Tuesday, June 10, 2008

Joy takes up A LOT of Room!

Well, I did it. I went to China with my family of four and came home a family of five! My sweet daughter, Megan Ling was received into our family on May 13th, as natural as can be. She seemed pleasantly curious about us at first, and then positively happy, which gave way to joyful as we got to know each other more and more. She is easy going, loving and gentle, and is quickly learning the ways of our lives and routines.

Here we are with our guide in Guangzhou, headed to Hong Kong, then home.

And a photo of my three children dressed as Chinese royalty.

And a photo at home taken yesterday of Megan Ling and her brother baking brownies! Things are going just great for us.
Slowing life down to include an active toddler was a necessary and normal piece of this whole journey. It took me a full week to find enough time to get through the pile of mail that accumulated while I was gone. It took another week to simply put away all the things from my trip and the various post trip activities. I still have yet to vacuum any room but the kitchen, let alone dust or clean bathrooms (except for the most cursory of clean ups). I am telling you all of this because I suspect this rings a bell with many of my clients and readers.
Typically, people I work with are not inherently disorganized; but rather what I call “Situationally Disorganized”. What this means is that “something”, a significant or life changing event occurs and impacts life in such a way that it is difficult to recover while life continues to pile it on. These events can be both positive and negative (or a mixture of both), such as a new job (or increase in old responsibilities), marriage, separation, loss or addition to the family, a move, illness, injury and many others. It can subtly start when people allow their boundaries to gently erode as they over commit to too many causes. When this kind of pressure builds, most people start to pile things up. I know I started to use my dining room table; first, before the trip to China for packing, then after for disbursement to the rest of the house. This can become a problem in several ways: one, it makes it tough to find what I buried underneath. Two, it is hard to stop doing this because it is so tempting to just keep piling. And three, it is just plain hard to dig out.
So what is the answer? I know of no ultimate solution, but here are some things that worked for me:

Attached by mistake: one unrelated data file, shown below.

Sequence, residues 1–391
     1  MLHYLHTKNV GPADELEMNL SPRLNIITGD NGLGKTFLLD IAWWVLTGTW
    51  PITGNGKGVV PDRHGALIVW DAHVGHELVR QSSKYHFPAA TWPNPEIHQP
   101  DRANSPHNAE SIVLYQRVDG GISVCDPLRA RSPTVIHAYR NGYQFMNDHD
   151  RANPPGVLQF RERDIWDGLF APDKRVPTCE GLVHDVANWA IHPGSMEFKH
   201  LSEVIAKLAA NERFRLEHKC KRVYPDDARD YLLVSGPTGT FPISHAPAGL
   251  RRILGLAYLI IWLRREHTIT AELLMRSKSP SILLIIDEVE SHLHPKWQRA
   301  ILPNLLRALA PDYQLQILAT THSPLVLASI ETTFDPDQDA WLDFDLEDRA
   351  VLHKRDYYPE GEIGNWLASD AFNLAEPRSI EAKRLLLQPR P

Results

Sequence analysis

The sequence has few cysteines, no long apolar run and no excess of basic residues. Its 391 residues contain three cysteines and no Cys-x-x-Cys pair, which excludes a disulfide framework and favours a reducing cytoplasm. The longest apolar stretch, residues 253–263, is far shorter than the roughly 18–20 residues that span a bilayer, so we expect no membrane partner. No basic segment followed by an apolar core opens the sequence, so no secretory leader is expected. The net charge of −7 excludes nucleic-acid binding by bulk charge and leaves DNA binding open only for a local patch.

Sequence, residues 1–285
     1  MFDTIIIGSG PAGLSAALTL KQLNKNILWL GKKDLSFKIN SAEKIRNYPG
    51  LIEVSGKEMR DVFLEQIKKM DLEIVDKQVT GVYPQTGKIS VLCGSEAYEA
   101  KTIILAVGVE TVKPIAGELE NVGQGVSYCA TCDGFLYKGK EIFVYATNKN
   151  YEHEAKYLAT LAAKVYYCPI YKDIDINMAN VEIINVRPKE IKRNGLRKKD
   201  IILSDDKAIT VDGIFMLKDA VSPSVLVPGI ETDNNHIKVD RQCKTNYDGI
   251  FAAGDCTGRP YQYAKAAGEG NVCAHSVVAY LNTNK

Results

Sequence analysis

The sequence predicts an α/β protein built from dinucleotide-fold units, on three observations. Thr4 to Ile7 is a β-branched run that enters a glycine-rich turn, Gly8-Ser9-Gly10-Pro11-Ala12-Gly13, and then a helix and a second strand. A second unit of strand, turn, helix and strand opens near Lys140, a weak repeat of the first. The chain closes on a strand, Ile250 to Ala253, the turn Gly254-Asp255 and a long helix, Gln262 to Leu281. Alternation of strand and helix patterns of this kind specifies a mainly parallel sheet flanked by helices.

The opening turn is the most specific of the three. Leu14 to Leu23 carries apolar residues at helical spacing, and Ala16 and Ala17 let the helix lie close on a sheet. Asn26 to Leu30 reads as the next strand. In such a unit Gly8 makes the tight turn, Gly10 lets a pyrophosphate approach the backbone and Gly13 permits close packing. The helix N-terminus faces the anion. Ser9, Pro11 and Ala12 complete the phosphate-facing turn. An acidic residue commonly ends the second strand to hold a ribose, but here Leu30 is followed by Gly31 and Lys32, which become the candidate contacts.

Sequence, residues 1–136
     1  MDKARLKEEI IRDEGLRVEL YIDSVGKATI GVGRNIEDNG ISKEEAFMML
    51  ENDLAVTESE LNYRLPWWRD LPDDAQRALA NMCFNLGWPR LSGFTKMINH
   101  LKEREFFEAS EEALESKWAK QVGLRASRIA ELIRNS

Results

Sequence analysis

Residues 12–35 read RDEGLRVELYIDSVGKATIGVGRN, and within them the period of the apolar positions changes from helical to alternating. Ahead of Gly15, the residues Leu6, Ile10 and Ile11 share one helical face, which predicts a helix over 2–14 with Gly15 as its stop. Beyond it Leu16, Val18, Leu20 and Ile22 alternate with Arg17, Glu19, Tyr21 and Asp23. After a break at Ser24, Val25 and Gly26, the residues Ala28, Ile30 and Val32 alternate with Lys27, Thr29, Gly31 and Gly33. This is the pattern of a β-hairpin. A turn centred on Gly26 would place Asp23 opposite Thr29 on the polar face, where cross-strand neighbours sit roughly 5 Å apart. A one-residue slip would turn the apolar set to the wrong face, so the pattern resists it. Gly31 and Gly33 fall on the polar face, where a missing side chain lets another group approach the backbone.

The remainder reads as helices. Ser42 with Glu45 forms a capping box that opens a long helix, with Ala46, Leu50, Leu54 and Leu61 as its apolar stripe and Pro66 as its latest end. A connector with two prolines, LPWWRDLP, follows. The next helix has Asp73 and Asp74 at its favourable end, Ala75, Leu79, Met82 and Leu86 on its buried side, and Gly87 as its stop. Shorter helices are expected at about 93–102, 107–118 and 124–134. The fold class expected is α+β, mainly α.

• First, Phone a friend: I accepted the help of the wonderful friends who offered an hour of their time. I did not abuse it and I thanked them dearly. My mother-in-law came and helped me skim the top off the dining room. She helped me sort things into piles (I used a clear rolling cart with three wide drawers to do a gross sort of my three kids belongings) and move them into the right owner's room. Two of my friends offered to entertain Megan Ling for an hour or so while I got some personal and business tasks done. It takes discipline on my part to stay focused during the precious time. One of my friends is in my backyard right now with her, as I write this post.
  • Second, hire help if possible: I have someone who helps me clean, but I decided not to have her come while I was home for the summer with Megan Ling. I have since changed my mind and asked her to come back once or twice a month even while I am home. It is a luxury and a pleasure and I am grateful that I can take advantage of it. This investment allows me to focus my energy on my family without the added pressure of having to do it all myself. It also allows me to let go of the responsibility for a perfectly clean house every minute. I can keep up in-between visits and I know Rebecca will be here soon.
  • Third, say “No”. This is the hardest for me. As I wrote last time, I think I can do everything and have trouble keeping it in check. I am trying to be realistic and let go of any goals that are not in the immediate future or absolutely essential. I will always struggle with this. I so admire my daughter, who achieves her expectations and sets realistic goals for herself. She is an excellent student and is responsible for herself. She does not start months in advance or stress over her goals. She is very private about it and disappears to her room and comes out hours later with a completely redone bulletin board or a handmade picnic set for her Webkinz or an I Love NY Project. She is learning and mastering her own pace and somehow, she keeps it realistic. I strive to emulate her. She is the first to tell me “Mom, you need to relax” and I try (not always successfully) to listen to her suggestions.
  • Fourth, do a little at a time and be patient. Chip away at your projects. Set small goals that you can achieve. Settle for imperfection-good enough. Put your energy where it really matters most. This is where Megan Ling has helped me the most. She is a constant reminder of what is really important. All else pales in comparison to her need for me. I can let everything else go because she needs me now. For others, the important things will be different, but deep down; each person can know what their true purpose is, if they listen to their heart. It speaks, sometimes loud, sometimes soft, but it speaks.
This is a long post. I hope I haven’t lost anyone but I certainly understand if you don’t have time to finish reading in one sitting!
If you need help with organizing, simply call Linda
(I am taking a short break from organizing until September 2008 to be with Megan Ling
-thanks for understanding).

********* Don’t forget to Drop off your hazardous waste at the upcoming collections********
Saturday, June 21, at ECC South on Rt. 28. (Orchard Park, NY)
Click Here for directions to ECC South.
Call 858-6800 to hear a recorded message with details on accepted items.